‘Stable power will reduce food prices, foster agro-industrial growth’

One of the challenges in the poultry industry now is high price of major inputs like day-old chicks. How can stakeholders tackle the problem revolving around availability and price?
I will like to appreciate the enabling environment that the government has created for the poultry industry through the border closure. It’s a kind of assessment by the government to know where we are, to really realise the gap, our capabilities and abilities, which to me, is a great opportunity for the poultry industry.

For long, people were operating below capacity because of the harsh environment when farmers didn’t even have to go to farm because they could not sell their products. Now, the opportunity has been created to enable farmers scale up their production. So, there’s a decision that one could take as fast as possible what is available. Then there’s a decision like, “Let me be so strategic. Let me increase my price, or maintain my full operational capacity and have higher turnovers.” So, as a person, I will choose the second option. It is better to be strategic. First, as an operator, you don’t have that power to close or open a border; such power belongs to the administrative authority, in this case, the government.

So, if the government decides to approve setting up of more hatcheries, you are facing more competitors, which is a challenge. Likely you have invested so much and extending the time of return on your investment if that happens. So actually, for now, there’s no justification for the operators to hike prices of day-old chicks because the business of poultry starts from a day-old chick. Everything revolves around the chick.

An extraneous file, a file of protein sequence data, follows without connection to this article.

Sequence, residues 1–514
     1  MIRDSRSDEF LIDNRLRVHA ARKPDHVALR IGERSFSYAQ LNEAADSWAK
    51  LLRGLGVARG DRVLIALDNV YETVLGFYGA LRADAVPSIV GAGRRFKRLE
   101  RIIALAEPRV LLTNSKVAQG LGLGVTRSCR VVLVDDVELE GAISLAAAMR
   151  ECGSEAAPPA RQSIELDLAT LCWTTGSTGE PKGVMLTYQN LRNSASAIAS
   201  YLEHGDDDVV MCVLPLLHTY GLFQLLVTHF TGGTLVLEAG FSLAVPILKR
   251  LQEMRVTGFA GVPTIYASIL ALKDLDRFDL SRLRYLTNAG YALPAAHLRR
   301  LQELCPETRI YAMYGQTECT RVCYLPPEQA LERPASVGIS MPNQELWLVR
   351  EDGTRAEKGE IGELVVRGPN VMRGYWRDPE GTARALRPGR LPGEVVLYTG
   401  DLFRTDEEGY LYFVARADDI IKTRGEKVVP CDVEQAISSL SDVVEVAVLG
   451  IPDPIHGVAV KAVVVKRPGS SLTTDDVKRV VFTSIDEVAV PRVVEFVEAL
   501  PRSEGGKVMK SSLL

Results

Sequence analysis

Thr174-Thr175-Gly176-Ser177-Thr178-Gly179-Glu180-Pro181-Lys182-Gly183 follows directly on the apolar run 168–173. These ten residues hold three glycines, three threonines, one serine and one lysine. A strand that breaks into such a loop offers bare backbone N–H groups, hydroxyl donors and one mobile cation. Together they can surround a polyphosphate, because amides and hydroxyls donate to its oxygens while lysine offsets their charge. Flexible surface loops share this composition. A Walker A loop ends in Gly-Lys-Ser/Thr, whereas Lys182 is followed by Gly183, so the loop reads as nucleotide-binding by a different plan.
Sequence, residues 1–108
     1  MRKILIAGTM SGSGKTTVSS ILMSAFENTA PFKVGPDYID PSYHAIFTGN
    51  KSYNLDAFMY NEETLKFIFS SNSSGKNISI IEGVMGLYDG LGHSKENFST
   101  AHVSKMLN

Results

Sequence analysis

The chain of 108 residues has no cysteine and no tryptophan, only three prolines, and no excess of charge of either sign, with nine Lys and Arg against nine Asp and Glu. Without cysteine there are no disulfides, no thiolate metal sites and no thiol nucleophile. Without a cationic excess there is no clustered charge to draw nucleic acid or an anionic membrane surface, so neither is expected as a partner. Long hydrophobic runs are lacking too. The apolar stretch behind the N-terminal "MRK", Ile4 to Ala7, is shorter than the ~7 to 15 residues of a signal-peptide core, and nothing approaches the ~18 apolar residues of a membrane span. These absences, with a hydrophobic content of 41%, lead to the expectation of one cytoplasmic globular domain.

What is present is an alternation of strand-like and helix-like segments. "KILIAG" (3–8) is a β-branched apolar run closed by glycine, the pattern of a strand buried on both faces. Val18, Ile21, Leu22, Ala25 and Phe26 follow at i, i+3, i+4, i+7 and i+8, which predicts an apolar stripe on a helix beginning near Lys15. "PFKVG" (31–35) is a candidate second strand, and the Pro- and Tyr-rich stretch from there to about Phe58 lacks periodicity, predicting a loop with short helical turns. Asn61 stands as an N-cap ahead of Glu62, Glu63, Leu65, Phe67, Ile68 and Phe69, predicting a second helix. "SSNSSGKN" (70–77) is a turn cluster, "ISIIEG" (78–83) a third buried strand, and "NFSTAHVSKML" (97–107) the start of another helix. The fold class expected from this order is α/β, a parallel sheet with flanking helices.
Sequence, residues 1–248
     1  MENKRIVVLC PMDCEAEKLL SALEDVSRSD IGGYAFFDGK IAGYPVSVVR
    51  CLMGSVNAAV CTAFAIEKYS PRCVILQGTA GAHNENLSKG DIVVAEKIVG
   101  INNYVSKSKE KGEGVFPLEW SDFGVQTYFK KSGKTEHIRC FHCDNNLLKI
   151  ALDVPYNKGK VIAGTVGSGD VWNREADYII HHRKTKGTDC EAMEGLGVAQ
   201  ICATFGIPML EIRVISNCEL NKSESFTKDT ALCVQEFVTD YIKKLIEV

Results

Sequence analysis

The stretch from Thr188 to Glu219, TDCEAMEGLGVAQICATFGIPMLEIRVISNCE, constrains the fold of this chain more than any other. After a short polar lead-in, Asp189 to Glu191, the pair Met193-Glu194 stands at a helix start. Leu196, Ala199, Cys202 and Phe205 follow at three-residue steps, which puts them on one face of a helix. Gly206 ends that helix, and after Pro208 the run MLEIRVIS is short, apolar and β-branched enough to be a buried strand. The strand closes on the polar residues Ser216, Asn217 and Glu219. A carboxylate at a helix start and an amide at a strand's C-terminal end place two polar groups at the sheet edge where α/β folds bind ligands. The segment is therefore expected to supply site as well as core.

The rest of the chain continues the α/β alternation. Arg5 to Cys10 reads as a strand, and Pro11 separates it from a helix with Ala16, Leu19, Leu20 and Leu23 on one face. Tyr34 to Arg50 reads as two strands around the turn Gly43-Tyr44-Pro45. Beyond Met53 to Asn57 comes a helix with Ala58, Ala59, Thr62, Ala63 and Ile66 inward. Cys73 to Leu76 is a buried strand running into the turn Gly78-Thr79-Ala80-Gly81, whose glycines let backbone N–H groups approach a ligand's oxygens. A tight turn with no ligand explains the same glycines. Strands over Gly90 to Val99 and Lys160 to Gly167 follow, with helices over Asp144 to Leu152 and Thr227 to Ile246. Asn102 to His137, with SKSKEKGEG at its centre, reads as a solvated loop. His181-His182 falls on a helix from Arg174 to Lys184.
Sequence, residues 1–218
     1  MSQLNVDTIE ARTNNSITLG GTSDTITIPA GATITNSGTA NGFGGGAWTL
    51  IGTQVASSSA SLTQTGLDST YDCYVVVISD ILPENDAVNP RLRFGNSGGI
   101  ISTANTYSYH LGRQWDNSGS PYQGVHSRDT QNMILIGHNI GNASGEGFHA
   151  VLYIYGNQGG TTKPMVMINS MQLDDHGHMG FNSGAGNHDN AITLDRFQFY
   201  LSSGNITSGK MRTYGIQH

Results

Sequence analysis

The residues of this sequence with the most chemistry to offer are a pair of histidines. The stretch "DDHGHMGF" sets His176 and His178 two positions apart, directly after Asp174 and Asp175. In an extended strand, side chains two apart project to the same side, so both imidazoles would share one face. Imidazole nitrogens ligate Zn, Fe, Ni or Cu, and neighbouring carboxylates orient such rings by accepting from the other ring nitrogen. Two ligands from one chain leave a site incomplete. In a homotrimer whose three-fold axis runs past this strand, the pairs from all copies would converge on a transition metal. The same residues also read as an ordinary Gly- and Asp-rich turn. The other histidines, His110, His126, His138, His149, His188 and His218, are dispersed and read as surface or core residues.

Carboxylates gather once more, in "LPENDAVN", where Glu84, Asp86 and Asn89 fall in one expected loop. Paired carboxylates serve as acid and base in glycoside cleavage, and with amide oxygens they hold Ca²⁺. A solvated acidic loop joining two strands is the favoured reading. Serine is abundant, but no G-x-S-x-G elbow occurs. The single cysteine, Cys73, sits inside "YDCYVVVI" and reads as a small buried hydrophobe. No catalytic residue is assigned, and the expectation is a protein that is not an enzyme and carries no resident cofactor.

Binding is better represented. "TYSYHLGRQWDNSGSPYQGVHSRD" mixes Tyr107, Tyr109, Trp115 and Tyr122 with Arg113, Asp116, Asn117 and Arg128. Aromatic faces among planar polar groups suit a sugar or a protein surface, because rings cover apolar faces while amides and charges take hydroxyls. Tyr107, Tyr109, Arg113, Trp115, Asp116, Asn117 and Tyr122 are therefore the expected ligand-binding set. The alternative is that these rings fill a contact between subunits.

And I have continuously been saying this in the last one year (since January 2018), because I have forecast this issue and have been appealing to my colleagues in the hatchery industry to let us have a price mechanism like a template. The first step is to close the seasonal nature of the business in Nigeria because, normally, price comes up weeks before Christmas and Sallah. For Christmas, right from August to November, prices begin to rise because of different activities going on in the country.

Poultry meat is a basic requirement to every human being and in most climes, it’s a common diet. In Europe and America, poultry is the cheapest meat. Why do we make it the most expensive meat that the common man cannot afford?